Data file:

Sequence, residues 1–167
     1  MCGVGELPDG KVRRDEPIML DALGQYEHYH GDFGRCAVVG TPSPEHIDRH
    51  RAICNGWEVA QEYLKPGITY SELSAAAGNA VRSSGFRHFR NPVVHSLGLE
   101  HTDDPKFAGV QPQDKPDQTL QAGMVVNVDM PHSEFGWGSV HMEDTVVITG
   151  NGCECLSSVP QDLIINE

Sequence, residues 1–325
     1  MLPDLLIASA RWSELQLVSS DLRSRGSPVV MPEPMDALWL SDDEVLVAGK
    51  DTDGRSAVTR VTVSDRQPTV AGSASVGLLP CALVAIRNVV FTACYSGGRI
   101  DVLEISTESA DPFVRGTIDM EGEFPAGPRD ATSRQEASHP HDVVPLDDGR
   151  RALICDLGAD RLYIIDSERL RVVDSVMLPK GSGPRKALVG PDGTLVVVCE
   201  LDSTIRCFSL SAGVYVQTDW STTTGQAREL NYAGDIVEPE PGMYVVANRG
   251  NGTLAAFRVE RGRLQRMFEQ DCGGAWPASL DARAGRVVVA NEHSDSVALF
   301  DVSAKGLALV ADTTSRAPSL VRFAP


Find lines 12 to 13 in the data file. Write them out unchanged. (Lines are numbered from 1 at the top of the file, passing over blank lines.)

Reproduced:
   251  NGTLAAFRVE RGRLQRMFEQ DCGGAWPASL DARAGRVVVA NEHSDSVALF
   301  DVSAKGLALV ADTTSRAPSL VRFAP